Madmen in authority, who hear voices in the air, are distilling their frenzy from some academic scribbler of a few years back.21 Trade's modern scribblers-David Ricardo, Richard Cobden, Eli Heckscher, Bertil Ohlin, Wolfgang Stolper, and Paul Samuelson-will help us to understand the massive upheavals seen in our ever more integrated global system. Although the structure of this book is chronological, its many interwoven narratives will supersede the flow of mere dates and events. For example, two closely related stories, the south Arabian incense trade and the domestication of the camel, both span thousands of years. At the other extreme, the memoirs of medieval travelers who left us extensive and intact records of their journeys-Marco Polo, the Moroccan legal scholar Ibn Battuta, and the Portuguese apothecary Tome Pires- will provide isolated but detailed snapshots of world trade spanning only a few decades. Ultimately, two deceptively simple notions anchor this book.
The Great Convergence: Information Technology and the New Globalization by Richard Baldwin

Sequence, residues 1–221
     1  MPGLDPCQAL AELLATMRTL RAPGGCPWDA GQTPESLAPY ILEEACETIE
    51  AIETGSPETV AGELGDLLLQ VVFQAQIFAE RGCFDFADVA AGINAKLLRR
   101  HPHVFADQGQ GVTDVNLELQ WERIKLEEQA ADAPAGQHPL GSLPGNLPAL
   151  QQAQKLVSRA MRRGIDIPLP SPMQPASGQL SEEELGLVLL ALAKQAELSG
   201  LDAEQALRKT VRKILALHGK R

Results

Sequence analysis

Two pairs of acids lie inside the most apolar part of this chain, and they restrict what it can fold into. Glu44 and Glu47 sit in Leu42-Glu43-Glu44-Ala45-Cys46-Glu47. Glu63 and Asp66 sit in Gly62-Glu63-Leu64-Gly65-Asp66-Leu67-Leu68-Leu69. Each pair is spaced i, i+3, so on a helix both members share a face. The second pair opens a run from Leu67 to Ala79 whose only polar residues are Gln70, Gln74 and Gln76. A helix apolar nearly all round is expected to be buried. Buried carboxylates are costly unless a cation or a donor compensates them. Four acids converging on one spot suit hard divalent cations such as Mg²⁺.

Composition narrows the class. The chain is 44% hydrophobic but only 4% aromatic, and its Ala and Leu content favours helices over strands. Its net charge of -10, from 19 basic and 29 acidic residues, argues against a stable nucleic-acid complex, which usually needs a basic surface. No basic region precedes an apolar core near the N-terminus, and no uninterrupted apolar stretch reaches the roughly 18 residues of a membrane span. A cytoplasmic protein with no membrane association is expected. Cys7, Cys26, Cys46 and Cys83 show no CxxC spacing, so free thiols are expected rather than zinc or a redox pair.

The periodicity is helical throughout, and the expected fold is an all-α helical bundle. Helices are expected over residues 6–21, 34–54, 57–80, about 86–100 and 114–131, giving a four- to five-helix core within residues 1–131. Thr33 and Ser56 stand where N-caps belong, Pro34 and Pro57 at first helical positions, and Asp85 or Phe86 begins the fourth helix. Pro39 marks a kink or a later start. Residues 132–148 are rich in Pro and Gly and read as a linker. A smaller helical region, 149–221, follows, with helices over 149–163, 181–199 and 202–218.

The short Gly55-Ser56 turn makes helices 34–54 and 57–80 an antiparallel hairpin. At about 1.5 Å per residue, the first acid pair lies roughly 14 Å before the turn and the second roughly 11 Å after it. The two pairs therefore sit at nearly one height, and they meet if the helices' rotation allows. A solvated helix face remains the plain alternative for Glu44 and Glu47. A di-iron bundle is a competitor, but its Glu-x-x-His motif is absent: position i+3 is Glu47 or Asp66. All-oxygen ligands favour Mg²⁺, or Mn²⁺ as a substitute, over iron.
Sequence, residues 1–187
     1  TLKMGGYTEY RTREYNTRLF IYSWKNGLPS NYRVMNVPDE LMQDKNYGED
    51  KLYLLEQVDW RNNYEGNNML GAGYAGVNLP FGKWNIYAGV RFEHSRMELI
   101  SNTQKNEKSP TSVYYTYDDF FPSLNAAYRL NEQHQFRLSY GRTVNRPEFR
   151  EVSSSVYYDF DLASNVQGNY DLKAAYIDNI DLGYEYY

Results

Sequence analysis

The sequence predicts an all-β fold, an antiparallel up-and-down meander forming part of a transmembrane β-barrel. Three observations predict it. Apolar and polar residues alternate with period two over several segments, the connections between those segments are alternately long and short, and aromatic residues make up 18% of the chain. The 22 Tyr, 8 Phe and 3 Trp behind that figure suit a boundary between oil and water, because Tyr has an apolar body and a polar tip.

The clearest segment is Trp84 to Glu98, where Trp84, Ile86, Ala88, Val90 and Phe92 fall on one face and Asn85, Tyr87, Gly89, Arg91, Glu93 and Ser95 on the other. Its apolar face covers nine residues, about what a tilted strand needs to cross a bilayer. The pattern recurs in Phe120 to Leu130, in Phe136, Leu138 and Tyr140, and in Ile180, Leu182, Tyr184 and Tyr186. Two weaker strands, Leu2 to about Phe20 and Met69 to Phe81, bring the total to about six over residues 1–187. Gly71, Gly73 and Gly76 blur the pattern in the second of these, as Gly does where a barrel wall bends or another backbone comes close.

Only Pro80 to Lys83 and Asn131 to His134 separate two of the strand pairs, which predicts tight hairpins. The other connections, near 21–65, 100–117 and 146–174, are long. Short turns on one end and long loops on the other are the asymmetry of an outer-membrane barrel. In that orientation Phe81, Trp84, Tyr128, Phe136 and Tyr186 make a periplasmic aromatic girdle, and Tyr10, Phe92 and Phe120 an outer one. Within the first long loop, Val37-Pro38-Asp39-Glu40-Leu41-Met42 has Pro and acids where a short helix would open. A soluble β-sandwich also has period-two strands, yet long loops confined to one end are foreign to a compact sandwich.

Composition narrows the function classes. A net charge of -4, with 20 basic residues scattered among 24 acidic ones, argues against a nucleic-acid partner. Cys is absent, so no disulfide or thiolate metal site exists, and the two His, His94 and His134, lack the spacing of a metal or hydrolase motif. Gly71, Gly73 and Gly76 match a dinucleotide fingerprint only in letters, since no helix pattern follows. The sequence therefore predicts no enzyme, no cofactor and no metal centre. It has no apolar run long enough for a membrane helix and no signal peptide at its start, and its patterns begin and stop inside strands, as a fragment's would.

"Robert Solow", 3D printing, additive manufacturing, Admiral Zheng, agricultural Revolution, air freight, Amazon Mechanical Turk, Berlin Wall, bilateral investment treaty, Branko Milanovic, buy low sell high, call centre, Columbian Exchange, commoditize, Commodity Super-Cycle, David Ricardo: comparative advantage, deindustrialization, domestication of the camel, Edward Glaeser, endogenous growth, Erik Brynjolfsson, financial intermediation, George Gilder, global supply chain, global value chain, Henri Poincaré, imperial preference, industrial cluster, industrial robot, intangible asset, invention of agriculture, invention of the telegraph, investor state dispute settlement, Isaac Newton, Islamic Golden Age, James Dyson, Kickstarter, knowledge economy, knowledge worker, Lao Tzu, low skilled workers, market fragmentation, mass immigration, Metcalfe’s law, New Economic Geography, out of africa, paper trading, Paul Samuelson, Pax Mongolica, profit motive, rent-seeking, reshoring, Richard Florida, rising living standards, Robert Metcalfe, Second Machine Age, Simon Kuznets, Skype, Snapchat, Stephen Hawking, telepresence, telerobotics, The Wealth of Nations by Adam Smith, trade liberalization, trade route, Washington Consensus